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Syria's main opposition bloc has arrived in Geneva to assess the intentions of the government in implementing humanitarian measures that could allow it to join political negotiations.

A 17-strong team of Higher Negotiation Committee (HNC) members, including three rebel leaders, arrived in Switzerland on Saturday, delegates told Al Jazeera.

Al Jazeera's diplomatic editor James Bays, reporting from Geneva, said there was a slight delay in their arrival, as some members still had to receive a visa to Switzerland.

On Friday, HNC member Farah Atassi said the delegation was coming "not to negotiate" with the government yet, but to talk to UN officials after receiving reassurances from the organisation.

Atassi spoke at a Geneva hotel not far from the United Nations offices where UN Syria envoy Staffan de Mistura and Syria's UN ambassador Bashar Jaafari were meeting.

Syrian chief negotiator Bashar al-Jaafari (R) held talks with UN envoy De Mistura on Friday [Martial Trezzini/EPA]
HNC spokesman Monzer Makhous said that the opposition had not changed a previous position that it would not travel to Switzerland if specific conditions for talking politics were not met.

"Yes, we will go to Geneva to be present but we will not attend the talks at all unless the regime fulfils our humanitarian demands, which specify stoppage to bombings and starvation of civilians in besieged areas as a condition," Makhous said.

"Today we received guarantees that these issues will be addressed in addition to political transition of power. We will not accept anything else unless we see these demands met on the ground." 

'Proxy talks'

Mistura said that he believed he would be able to meet the HNC on Sunday.

Gennady Gatilov, the Russian deputy foreign minister, was quoted by Russian Interfax news agency as saying that no direct talks were expected in Geneva, only proxy talks.

Gatilov said there were no preconditions for the Syrian talks and that Moscow welcomed the decision by HNC opposition coordinator, Riad Hijab, to take part in talks in Geneva.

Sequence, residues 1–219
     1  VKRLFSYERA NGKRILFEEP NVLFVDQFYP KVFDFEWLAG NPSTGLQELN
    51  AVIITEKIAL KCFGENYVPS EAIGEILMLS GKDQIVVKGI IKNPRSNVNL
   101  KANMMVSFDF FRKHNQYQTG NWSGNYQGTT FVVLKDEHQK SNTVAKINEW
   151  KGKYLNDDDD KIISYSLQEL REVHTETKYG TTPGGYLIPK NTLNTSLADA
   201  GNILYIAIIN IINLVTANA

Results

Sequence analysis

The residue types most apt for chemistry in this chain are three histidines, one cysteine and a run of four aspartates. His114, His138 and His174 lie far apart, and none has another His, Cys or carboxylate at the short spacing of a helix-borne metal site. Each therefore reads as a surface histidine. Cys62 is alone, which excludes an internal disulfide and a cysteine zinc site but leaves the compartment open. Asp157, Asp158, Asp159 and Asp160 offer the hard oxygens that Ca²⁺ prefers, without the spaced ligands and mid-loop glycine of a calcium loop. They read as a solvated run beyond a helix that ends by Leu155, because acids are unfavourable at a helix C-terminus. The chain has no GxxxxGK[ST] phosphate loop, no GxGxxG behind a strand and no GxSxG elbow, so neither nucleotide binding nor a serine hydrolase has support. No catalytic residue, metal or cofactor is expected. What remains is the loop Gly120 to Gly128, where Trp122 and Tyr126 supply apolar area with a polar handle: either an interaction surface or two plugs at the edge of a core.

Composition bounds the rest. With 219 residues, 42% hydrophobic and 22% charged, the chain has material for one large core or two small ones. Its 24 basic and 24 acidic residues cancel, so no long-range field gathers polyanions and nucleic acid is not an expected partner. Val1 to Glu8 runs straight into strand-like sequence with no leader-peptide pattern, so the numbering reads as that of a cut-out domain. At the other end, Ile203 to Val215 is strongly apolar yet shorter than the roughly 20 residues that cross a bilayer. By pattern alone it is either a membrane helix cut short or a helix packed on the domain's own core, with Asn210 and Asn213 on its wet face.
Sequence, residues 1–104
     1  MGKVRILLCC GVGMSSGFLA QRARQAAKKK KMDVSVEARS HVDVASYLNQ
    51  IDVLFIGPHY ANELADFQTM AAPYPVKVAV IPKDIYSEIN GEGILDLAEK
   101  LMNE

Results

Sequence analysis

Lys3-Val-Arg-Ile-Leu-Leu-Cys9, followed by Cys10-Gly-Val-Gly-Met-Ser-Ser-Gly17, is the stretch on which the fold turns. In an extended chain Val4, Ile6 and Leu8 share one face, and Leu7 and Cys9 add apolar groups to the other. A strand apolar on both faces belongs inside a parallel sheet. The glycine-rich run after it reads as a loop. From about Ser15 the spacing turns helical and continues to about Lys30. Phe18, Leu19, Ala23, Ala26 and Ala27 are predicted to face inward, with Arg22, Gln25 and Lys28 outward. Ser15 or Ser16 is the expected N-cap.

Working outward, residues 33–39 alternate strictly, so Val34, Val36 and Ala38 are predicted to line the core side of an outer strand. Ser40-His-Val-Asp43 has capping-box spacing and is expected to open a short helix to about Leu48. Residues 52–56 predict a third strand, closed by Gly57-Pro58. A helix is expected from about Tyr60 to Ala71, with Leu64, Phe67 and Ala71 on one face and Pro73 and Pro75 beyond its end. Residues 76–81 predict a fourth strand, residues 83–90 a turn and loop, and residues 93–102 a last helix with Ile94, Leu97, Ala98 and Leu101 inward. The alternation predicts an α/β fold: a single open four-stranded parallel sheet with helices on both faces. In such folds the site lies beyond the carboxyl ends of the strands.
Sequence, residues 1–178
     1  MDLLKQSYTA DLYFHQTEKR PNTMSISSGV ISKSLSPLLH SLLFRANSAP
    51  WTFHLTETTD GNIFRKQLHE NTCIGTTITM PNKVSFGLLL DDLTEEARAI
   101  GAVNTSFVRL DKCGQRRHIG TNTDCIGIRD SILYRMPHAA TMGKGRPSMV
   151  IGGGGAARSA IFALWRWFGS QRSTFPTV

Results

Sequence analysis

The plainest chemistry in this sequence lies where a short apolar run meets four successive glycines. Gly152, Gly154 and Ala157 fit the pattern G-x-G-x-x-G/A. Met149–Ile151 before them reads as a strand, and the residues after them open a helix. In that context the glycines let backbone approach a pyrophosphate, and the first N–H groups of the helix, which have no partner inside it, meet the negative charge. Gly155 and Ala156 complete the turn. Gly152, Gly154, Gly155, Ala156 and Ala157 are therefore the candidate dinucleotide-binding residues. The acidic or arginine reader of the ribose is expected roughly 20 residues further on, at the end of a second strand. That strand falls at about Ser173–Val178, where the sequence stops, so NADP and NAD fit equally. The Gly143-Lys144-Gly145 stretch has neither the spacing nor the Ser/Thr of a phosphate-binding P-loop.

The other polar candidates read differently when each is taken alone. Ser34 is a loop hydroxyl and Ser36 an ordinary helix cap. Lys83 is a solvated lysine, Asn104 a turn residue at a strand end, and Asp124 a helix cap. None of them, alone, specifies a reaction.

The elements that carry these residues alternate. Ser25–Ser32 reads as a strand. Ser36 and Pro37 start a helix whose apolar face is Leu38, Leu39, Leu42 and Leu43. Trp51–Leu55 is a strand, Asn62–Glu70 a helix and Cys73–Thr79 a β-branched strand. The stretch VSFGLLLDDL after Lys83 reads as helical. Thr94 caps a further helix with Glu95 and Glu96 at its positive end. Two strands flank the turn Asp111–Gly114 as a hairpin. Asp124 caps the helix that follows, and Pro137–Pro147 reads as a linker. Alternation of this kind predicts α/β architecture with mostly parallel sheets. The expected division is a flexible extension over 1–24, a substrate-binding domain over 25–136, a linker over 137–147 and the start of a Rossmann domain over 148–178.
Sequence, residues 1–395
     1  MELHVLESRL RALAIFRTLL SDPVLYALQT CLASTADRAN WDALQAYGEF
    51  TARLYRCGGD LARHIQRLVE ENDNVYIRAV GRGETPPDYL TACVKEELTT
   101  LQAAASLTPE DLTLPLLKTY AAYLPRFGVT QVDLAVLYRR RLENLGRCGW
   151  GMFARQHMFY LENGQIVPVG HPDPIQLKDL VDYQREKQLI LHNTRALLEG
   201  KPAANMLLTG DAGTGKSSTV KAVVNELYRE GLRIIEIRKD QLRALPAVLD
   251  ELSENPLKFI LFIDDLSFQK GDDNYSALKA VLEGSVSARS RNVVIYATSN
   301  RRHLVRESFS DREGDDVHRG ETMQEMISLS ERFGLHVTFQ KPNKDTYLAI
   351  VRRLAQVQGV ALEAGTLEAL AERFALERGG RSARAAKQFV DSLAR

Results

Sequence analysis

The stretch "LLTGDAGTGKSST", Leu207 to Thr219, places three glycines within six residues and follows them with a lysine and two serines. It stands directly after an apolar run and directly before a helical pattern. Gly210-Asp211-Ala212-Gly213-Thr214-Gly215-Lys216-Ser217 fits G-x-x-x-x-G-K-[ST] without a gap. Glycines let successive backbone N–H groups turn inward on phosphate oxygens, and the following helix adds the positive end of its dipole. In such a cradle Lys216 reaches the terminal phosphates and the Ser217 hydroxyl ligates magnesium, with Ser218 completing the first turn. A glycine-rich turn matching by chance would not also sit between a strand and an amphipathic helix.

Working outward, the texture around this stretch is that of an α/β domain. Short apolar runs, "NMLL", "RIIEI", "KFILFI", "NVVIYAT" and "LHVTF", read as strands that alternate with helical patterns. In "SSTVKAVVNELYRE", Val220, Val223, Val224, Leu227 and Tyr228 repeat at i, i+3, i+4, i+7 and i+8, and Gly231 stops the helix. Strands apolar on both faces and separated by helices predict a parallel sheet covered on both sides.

The talks are the first since two rounds of negotiations collapsed in 2014. Syria's conflict has killed more than 250,000 people, displaced millions and sent hundreds of thousands fleeing as refugees to Europe.

The meetings are part of a process outlined in a UN resolution last month that envisages an 18-month timetable for a political transition, including the drafting of a new constitution and elections.


Live blog: Syria talks in real time


Disputes are ongoing over which opposition parties should attend, with the HNC bloc facing criticism from the Syrian government and Russia for including the Army of Islam group, which controls wide territory near the capital.

Earlier on Friday, UN spokesman Ahmad Fawzi reflected the sense of chaos and confusion surrounding the beginning of the negotiations when he told reporters at a briefing: "I don't have a time, I don't have the exact location, and I can't tell you anything about the delegation."

Air strikes and starvation

Meanwhile, there was no let-up in the fighting in Syria. On Saturday, at least 15 people were killed and dozens more injured in suspected Russian air strikes targeting rebel positions near the northern city of Aleppo.

In Syria's west, opposition fighters said they had taken control of several checkpoints around the city of Hama, which lies in a region where control is divided between government and opposition fighters.

 

Further south, residents of the besieged Syrian town of Madaya continued to die of starvation and a lack of medical supplies, despite the delivery of aid earlier this month, according to a leading humanitarian agency.


Madaya residents starving to death despite aid delivery


Doctors without Borders  said on Saturday that at least 16 people - close to one person per day - have died since three aid convoys entered the town, near the Lebanese border, 40km northwest of Damascus, on January 11.

The group said that an estimated 320 people in Madaya are suffering from malnutrition, 33 of whom are "are in danger of death if they do not receive prompt and effective treatment".

Source: Al Jazeera And AP